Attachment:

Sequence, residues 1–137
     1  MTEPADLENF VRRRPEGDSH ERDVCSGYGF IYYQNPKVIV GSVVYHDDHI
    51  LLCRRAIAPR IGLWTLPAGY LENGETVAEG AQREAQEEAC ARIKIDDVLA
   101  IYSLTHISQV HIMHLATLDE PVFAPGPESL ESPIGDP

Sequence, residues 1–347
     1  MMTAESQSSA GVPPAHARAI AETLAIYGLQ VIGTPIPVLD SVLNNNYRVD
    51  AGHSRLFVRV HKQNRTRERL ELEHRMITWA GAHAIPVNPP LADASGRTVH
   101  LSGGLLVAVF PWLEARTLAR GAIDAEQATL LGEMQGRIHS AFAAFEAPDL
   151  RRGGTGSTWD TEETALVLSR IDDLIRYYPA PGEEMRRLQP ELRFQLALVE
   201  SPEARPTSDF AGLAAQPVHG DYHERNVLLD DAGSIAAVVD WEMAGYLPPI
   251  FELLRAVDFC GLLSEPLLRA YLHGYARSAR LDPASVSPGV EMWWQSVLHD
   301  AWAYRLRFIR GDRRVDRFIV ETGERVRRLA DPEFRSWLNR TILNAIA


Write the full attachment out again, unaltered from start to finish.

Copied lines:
Sequence, residues 1–137
     1  MTEPADLENF VRRRPEGDSH ERDVCSGYGF IYYQNPKVIV GSVVYHDDHI
    51  LLCRRAIAPR IGLWTLPAGY LENGETVAEG AQREAQEEAC ARIKIDDVLA
   101  IYSLTHISQV HIMHLATLDE PVFAPGPESL ESPIGDP

Sequence, residues 1–347
     1  MMTAESQSSA GVPPAHARAI AETLAIYGLQ VIGTPIPVLD SVLNNNYRVD
    51  AGHSRLFVRV HKQNRTRERL ELEHRMITWA GAHAIPVNPP LADASGRTVH
   101  LSGGLLVAVF PWLEARTLAR GAIDAEQATL LGEMQGRIHS AFAAFEAPDL
   151  RRGGTGSTWD TEETALVLSR IDDLIRYYPA PGEEMRRLQP ELRFQLALVE
   201  SPEARPTSDF AGLAAQPVHG DYHERNVLLD DAGSIAAVVD WEMAGYLPPI
   251  FELLRAVDFC GLLSEPLLRA YLHGYARSAR LDPASVSPGV EMWWQSVLHD
   301  AWAYRLRFIR GDRRVDRFIV ETGERVRRLA DPEFRSWLNR TILNAIA